Referring now to FIG. 2, an alternate embodiment of the present invention is shown with PSD 40 coupled to a network server 30, with the printer modules 24 and 22 requesting postage evidencing from PSD 40 through the network server 30. In yet another alternate embodiment (not shown), PSD 40 may be attached to one of the mailing machines 24 on the network.
Referring now to FIG. 3, dedicated printer module 24 includes a microprocessor 100 coupled to memory modules RAM 102, ROM 104 and non-volatile memory (NVM) 106 and to user interface modules display 112 and keypad 114. Printer module 24 further includes a network interface 124, a PSD interface 122 and an optional modem 124. ROM 104 contains the operating programs from printer module 24 including a Meter Toolkit 110 which is described below. NVM 106 stores batch or departmental accounting logs for the printer module 24 and a network ID for printer module 24. Printer module 24 physically connects to the network through network interface 124. A PSD may optionally be connected to printer module 24 through PSD interface 122. When connected in this fashion the central PSD need not be used. Communications to Data Center 5 (FIGS. 1 and 2) can be made through optional modem 124. Printer module 24 includes a secure printhead 130 which is controlled by microprocessor 100, sensors 132 for sensing printing functions, and motors 134 for activating printer functions and controlling the flow of mailpieces through the system.
Computer 20 or printer module display 112 and keyboard 114 process the functions for PSD registration and PSD refill. Processing is performed locally by metering software component 110 (referred to herein as “Meter Toolkit”). In the preferred embodiment, Meter Toolkit 110 is a program module with an interface to perform metering operations. Meter Toolkit 110 includes the following components: a transaction handler, a vault interface, a transaction log handler and an optional secure communications handler as described in the previously noted U.S. patent application Ser. No. 08/864,929 and U.S. Pat. No. 4,802,218. Connections to the Data Center 5 can be made locally from the printer module 24 via modem 124. Accounting for debits and credits to the PSD may be logged as transactions in the NVM 106. In this manner, the transaction processing and funds accounting may be centralized on the printer module as if operating as a stand-alone meter. The Meter Toolkit 110 provides standard metering functions, such as dispensing postage, PSD refills, and PSD registration and secure communications. The Meter Toolkit 110 resides in the PSD, the Network Server and the printer/computer modules.
The printer modules may be unsecured (printers 22) or may be securely coupled as described in U.S. patent application Ser. No. 08/864,929, filed May 29, 1997, entitled SYNCHRONIZATION OF CRYPTOGRAPHIC KEYS BETWEEN TWO MODULES OF A DISTRIBUTED SYSTEM and assigned to the assignee of the present invention, or in U.S. Pat. No. 4,802,218, issued to Christopher B. Wright et al and now assigned to the assignee of the present invention.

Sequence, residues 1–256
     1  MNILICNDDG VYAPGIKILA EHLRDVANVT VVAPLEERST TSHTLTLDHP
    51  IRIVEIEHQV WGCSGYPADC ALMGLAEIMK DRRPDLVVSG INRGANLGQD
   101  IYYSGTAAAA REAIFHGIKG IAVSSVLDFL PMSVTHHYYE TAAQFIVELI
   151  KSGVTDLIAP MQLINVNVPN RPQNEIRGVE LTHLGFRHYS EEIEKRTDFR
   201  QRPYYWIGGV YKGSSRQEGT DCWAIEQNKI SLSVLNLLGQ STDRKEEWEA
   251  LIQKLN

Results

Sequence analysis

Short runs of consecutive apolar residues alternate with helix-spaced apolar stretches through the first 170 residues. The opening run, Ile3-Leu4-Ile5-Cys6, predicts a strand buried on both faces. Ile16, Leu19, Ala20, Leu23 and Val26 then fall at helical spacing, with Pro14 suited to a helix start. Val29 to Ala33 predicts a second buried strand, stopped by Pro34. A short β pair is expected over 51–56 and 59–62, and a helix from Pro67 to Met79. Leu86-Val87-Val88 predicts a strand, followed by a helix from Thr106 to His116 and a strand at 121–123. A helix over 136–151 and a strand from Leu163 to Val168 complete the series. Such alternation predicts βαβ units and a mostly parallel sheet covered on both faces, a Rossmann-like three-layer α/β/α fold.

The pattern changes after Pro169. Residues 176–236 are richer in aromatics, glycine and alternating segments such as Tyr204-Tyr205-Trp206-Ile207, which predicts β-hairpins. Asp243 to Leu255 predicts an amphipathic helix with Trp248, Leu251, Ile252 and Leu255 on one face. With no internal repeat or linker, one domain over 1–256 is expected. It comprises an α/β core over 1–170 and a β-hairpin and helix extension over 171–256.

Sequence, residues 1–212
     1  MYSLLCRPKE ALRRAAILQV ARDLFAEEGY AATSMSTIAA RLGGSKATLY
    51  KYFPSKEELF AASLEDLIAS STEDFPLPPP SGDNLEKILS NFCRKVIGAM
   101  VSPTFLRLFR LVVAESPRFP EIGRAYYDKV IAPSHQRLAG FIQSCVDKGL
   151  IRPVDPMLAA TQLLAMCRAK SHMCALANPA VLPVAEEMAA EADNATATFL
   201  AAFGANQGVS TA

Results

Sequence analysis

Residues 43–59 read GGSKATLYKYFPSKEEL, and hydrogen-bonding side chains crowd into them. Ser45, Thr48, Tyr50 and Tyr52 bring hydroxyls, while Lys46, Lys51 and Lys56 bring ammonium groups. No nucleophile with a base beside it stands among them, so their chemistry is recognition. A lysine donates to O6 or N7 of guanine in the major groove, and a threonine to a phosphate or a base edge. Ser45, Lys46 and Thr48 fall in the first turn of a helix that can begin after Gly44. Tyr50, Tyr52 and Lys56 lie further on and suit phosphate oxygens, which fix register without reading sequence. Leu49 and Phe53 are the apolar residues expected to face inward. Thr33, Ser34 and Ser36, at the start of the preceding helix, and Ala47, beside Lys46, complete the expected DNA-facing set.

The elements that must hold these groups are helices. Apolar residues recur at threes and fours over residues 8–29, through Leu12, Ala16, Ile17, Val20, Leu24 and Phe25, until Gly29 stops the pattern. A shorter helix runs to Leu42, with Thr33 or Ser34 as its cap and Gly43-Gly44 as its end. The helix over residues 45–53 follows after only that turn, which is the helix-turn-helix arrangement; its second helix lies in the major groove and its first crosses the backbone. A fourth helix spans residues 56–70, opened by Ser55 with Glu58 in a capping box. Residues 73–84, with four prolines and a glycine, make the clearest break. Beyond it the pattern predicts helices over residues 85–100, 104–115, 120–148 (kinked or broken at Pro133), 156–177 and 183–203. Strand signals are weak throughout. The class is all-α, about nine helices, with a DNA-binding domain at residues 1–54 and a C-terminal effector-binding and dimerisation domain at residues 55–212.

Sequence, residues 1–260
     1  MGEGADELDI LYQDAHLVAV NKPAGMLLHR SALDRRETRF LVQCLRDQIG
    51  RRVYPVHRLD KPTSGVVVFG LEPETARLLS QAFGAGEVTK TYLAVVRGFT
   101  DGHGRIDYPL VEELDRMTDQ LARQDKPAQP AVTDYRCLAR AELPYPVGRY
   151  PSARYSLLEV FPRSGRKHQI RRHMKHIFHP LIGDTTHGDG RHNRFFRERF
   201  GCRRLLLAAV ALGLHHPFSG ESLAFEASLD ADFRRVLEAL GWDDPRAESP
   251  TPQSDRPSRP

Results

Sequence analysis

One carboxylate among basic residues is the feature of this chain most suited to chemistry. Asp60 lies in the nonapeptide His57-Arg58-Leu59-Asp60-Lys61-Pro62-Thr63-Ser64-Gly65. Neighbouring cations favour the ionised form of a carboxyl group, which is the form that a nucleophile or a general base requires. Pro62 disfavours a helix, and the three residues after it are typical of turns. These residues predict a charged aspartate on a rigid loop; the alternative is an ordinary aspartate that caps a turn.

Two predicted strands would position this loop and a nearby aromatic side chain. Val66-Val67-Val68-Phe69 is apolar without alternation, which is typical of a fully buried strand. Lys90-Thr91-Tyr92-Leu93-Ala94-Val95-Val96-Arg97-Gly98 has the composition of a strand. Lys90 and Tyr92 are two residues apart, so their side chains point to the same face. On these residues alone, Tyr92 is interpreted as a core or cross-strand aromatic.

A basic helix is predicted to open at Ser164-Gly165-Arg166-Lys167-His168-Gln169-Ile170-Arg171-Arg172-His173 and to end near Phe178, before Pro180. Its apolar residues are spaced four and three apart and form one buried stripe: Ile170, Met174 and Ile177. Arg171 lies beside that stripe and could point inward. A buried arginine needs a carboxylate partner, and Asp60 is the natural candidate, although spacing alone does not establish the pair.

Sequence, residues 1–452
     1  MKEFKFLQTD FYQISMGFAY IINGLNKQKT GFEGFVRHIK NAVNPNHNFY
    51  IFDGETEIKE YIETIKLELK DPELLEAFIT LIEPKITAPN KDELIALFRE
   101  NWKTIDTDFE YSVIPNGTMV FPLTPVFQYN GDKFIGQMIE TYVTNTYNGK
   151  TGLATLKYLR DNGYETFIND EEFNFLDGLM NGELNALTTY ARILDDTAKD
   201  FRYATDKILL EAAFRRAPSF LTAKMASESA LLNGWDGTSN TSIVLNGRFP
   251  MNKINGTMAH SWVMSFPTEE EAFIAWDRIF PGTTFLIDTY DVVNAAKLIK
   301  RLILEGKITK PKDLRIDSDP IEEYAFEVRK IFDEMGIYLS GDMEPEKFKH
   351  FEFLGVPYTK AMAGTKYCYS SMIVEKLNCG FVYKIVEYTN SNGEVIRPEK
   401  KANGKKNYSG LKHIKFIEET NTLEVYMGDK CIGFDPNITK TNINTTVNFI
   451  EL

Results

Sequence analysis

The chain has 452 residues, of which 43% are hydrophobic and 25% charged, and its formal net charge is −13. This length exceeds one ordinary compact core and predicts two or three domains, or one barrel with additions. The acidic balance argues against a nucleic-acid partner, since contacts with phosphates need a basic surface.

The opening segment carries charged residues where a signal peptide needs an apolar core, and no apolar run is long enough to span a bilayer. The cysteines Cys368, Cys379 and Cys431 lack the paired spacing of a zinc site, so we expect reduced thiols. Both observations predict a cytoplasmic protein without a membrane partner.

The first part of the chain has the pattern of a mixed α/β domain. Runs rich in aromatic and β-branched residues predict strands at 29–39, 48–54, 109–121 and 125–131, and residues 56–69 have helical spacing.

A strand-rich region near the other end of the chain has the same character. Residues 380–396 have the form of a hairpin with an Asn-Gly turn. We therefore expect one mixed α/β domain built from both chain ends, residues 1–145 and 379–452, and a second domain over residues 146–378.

In the preferred embodiment, the postal funds accounting and the transaction processing occur in the PSD. It will be understood that this is a centralized approach concerning funds accounting and transaction accounting.
In the preferred embodiment of FIG. 1, the Meter Toolkits 110 residing in the printer module 24 and the in PSD 40 operate in conjunction with each other such that the remote requesting printer module 24 and PSD 40 operate collectively as a meter. The Meter Toolkit 110 residing in PSD 40 handles messages from and to the requesting printer module 24 or computer 20, and handles standard metering functions, such as dispensing postage, PSD refills, and PSD registration.
In the alternate embodiment of FIG. 2, the Meter Toolkits 110 residing in the printer module 24 and the in Network Server 30 operate in conjunction with each other such that the remote requesting printer module 24 and Network Server 30 operate collectively as a meter. The Meter Toolkit 110 residing in Network Server 30 handles messages from and to the requesting printer module 24, and handles standard metering functions, such as dispensing postage, PSD refills, and PSD registration, for PSD 40.
Referring now to FIGS. 4A and 4B, the process of the present invention is shown. At step 400, a PSD is initialized on the network. At step 402, the PSD waits for a request from a printer module. At step 410, the printer module requests an open system evidence of postage. If, at step 412, the printer module is authorized for such evidence of postage, then, at step 414, the PSD begins to respond to the request continuing the process at step 470 below. If the printer module is not authorized, then at step 416 and error is message is sent to the printer module.